“The third.”

“Oh, my,” she said, “Doug would have been one hundred today.”

He held her close, “He was like a brother to me. I never had one, you know. Have we done him justice, do you think?”

“Yes,” she said, “The room is very grey. It needs a scrubbing.”

“It's the same,” Malcolm said, “Blue walls, furniture, little knickknacks and things, the usual things we have. It hasn't changed.”

“It has,” the elder Lili said, “Malcolm, I think I know what that means.”

“Tell me,” he said voice a little shaky.

“I think it's my day.”

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“I love you beyond all reason, beyond all hope, beyond all belief and beyond all faith.” – Malcolm Reed

“I didn't understand it before, but I think I do now. You see, there are a thousand reasons why things wouldn't work, and hopes can be dashed. Beliefs can be wrong and faith can be tested. But with love, things do work, hopes are restored, beliefs are proven and faith is, it's rewarded.” – Lili Beckett

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“Shall I call Declan, or the doctor?” he asked, a bit alarmed.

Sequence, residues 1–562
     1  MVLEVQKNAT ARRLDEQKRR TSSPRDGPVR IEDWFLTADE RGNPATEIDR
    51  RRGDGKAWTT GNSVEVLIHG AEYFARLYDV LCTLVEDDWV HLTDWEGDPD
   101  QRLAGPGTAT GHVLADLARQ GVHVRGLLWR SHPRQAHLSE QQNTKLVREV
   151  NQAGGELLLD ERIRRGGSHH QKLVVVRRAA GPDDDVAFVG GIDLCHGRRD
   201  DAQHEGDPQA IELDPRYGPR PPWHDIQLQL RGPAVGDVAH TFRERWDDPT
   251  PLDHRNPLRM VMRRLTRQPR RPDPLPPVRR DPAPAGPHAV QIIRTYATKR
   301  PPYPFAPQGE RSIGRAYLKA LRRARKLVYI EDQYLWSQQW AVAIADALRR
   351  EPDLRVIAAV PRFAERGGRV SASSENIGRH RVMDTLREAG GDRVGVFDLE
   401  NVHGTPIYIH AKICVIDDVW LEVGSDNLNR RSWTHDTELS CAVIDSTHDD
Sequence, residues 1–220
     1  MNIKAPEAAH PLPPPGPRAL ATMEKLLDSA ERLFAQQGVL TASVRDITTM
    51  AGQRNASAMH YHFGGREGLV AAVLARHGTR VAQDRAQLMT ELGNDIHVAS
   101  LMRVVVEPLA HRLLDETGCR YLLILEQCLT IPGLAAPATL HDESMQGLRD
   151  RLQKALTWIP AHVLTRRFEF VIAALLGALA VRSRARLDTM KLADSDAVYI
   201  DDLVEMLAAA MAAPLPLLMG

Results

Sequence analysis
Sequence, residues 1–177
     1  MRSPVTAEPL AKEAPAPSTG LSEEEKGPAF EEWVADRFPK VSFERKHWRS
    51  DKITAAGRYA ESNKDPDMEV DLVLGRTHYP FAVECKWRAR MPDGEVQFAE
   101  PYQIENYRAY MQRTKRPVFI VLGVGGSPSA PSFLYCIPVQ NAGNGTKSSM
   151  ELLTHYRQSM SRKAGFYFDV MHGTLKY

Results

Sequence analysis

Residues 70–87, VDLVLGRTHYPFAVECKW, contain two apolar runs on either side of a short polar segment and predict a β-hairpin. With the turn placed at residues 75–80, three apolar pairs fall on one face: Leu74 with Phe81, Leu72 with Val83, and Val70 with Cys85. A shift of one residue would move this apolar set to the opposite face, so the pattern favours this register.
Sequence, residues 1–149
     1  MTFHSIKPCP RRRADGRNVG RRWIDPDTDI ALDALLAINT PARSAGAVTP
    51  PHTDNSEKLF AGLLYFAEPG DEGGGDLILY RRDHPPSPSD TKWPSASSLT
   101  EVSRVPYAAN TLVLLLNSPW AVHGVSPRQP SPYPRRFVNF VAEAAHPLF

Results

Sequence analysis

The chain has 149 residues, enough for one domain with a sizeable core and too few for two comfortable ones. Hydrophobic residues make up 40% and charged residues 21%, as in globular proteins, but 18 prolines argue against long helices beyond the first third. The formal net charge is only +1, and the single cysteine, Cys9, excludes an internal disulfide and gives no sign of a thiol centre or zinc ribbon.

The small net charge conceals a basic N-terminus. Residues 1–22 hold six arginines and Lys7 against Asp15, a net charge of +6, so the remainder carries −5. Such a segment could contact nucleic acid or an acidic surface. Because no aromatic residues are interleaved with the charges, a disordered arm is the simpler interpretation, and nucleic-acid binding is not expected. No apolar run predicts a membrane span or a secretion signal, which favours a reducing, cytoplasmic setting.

“No,” she said, “I don't think this can be stopped.”

“Don't leave me,” he said.

“I'm going to have to.”

“But we've only just been able to be together.”

“Malcolm, we have been together, in one way or another, for over forty years.”

“It's not enough time,” he said, “Don't, don't leave.”

“I don't have a choice in the matter.”

“Can't it be fought?”

“No. You just get, you get weaker. I mean, I don't know if I can walk or even sit up. Or even if I should – maybe I should save my strength, you know?”

“Here, I'll come to you,” he said, and kissed her very gently.

She smiled at him, “No one kisses like you.”

“Or you.”

“I'll miss you,” she said, “But I have a feeling, it just might not be that long.”

“I don't imagine how it could be,” he said, “For I cannot live.”

“Listen carefully, okay?”

“Yes.”

“There are recipes in the kitchen. There's the box, but there are some behind the box. Those are the ones that nobody else makes. Give them to Neil. He's the only one of the children who cooks. I know he will make good sauces and good empanadas. I want my ring, and yours, when you are ready, to be Declan's. And the key, too. I have a feeling – I can't explain it – but I feel he will remarry. I think he is too wonderful to not be loved. He will be loved. And it'll be better. Will you do those things?”

“You know I will.”

“I want Tommy to have all of the things I have from Doug. Joss may look more like Doug, but Tommy is Doug's clone so far as I can see. And Joss, I relinquish my share of the old house to him. It will be his, free and clear. Except for my wedding ring and the key, I want all of my personal things to go to Marie Patrice. Every scrap, every bit of jewelry, everything. You have everything else.”